9-year-old, female, Egyptian fruit bat (Rousettus aegyptiacus)Animal from a zoological collection found deceased in its enclosure.

Gross Description:  

The liver was very small and firm with loss of lobular contours, and contained numerous 1-3 mm diameter nodules, consistent with cirrhosis.

Histopathologic Description:

Liver: There is cirrhosis, evidenced by streams of fibrous connective tissue dissecting between regenerative nodules of hepatocytes. Numerous small bile ducts and hemosiderophages are present within the fibrous connective tissue. A Prussian blue stain also reveals moderate to large amounts of hemosiderin within Kupffer cells, and a variable amount of hemosiderin within many hepatocytes and biliary epithelial cells. There are multifocal areas of hepatocellular necrosis, sometimes involving entire nodules or several adjacent nodules, and sometimes involving small clusters of hepatocytes within nodules. There are rare individual necrotic hepatocytes near the margin of lobules adjacent to regions of fibrosis and increased hemosiderin deposition. There is moderate to marked, multifocal cholestasis.

Morphologic Diagnosis:  

1. Hemochromatosis, liver: Marked hemosiderin deposition within macrophages, biliary epithelial cells and hepatocytes, with bridging fibrosis, nodular hyperplasia, and rare individual hepatocyte necrosis, liver.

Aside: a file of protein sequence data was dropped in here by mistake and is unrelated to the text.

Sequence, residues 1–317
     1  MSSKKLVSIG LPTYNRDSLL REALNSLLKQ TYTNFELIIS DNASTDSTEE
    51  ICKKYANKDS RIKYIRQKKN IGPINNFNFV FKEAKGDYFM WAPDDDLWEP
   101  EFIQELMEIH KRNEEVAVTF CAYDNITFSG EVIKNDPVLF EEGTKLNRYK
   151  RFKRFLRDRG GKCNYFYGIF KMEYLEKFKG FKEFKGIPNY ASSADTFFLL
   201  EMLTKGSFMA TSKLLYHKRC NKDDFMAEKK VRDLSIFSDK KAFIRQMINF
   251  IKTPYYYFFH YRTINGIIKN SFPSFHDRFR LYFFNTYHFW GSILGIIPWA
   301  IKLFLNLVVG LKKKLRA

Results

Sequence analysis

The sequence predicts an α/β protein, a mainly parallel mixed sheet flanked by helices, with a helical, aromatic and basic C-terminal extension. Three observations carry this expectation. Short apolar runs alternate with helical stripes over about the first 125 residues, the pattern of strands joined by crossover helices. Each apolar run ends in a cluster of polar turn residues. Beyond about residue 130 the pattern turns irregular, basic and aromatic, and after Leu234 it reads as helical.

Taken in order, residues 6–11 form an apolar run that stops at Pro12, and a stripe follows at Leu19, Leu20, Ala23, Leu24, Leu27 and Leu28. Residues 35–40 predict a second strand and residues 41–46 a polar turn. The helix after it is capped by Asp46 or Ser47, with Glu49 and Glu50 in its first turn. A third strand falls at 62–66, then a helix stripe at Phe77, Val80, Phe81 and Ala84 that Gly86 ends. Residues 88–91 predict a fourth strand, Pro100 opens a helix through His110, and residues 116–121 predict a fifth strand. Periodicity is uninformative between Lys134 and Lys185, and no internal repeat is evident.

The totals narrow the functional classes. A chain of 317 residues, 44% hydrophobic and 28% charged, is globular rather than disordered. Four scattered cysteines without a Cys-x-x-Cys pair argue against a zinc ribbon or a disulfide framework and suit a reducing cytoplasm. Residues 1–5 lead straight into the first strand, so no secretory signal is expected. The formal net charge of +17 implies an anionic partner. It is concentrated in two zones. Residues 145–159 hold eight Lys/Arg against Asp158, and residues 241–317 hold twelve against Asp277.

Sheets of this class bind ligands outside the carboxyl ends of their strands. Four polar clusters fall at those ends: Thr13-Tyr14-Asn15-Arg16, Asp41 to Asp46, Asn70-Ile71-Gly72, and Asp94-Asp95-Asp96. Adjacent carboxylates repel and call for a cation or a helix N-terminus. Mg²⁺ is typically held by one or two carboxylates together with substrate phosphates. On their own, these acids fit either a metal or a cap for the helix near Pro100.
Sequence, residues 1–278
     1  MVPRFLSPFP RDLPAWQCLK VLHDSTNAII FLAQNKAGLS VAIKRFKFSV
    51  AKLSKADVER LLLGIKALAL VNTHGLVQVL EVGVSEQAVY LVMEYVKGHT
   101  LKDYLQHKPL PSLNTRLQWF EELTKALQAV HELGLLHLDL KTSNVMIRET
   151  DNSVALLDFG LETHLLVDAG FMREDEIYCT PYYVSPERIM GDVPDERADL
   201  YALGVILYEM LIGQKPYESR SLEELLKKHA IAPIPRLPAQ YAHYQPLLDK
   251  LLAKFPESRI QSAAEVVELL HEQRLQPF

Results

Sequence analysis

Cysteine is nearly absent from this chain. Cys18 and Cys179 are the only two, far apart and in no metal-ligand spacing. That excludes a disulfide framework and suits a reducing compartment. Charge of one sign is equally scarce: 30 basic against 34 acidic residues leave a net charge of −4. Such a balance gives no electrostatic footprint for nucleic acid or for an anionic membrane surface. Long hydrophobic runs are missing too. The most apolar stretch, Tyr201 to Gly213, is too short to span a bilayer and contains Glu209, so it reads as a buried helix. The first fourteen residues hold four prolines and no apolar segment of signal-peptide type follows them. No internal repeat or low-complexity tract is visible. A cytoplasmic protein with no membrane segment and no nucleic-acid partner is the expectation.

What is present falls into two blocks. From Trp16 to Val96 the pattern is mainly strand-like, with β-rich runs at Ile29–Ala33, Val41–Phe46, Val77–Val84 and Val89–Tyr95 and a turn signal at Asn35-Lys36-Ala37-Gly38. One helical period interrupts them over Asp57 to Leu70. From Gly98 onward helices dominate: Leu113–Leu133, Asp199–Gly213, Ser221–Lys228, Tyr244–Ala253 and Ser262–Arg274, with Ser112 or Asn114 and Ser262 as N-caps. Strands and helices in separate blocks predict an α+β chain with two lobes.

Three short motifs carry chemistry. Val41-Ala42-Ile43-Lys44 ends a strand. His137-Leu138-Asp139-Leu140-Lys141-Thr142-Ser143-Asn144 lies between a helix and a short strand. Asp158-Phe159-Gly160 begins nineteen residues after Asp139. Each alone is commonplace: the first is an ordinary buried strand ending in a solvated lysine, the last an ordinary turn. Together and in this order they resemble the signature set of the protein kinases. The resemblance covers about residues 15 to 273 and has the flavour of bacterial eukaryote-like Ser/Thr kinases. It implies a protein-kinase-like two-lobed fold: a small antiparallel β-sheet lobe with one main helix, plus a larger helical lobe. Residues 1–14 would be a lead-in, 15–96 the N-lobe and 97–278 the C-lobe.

2. Moderate, multifocal, acute hepatocellular necrosis.
3. Moderate to marked, multifocal cholestasis, liver.



Contributor Comment:  

In veterinary cases, hemochromatosis refers to excessive iron deposition with associated tissue damage (fibrosis and/or necrosis), and hemosiderosis refers to increased iron deposition without associated tissue damage. In human cases, the term hemochromatosis is generally reserved for genetic causes of iron overload, and all other cases are referred to as secondary iron overload.

Hemochromatosis has been described in numerous exotic species, including Egyptian fruit bats, hyraxes, mynahs, ramphastids and lemurs.(4) These appear to be diseases of captivity, and thus are believed to be related to husbandry. Some species of animals which are affected consume materials in the wild which are high in tannins, which are iron binders. Wild lemurs consume several plants that are high in tannins.(8) If these animals have adapted to a low level of available iron in their diet, they may absorb iron very efficiently. In a captive situation, with an iron-replete diet which contains no binders, excessive absorption of iron occurs. Iron homeostasis is principally controlled at the level of absorption, as there is no physiologic mechanism for excretion.(5)

Iron is typically bound to transferrin while it is in circulation and ferritin when it is stored. Iron bound to these proteins cannot participate in chemical reactions, as free iron can.(6) In iron overload, however, it is presumed that the storage capacity for iron is overwhelmed, and free iron is then available to participate in the generation of free radicals, either through the Fenton or Haber-Weiss reactions.(7) Free radicals can damage DNA, proteins and lipids. The organs damaged in many humans with iron overload are the liver, pancreatic beta (β) cells and heart, which are organs with high mitochondrial activity.(3) Approximately 1-2% of electrons in the mitochondrial electron transport chain are leaked into reactive oxygen species, such as H2O2 and O2-.(3)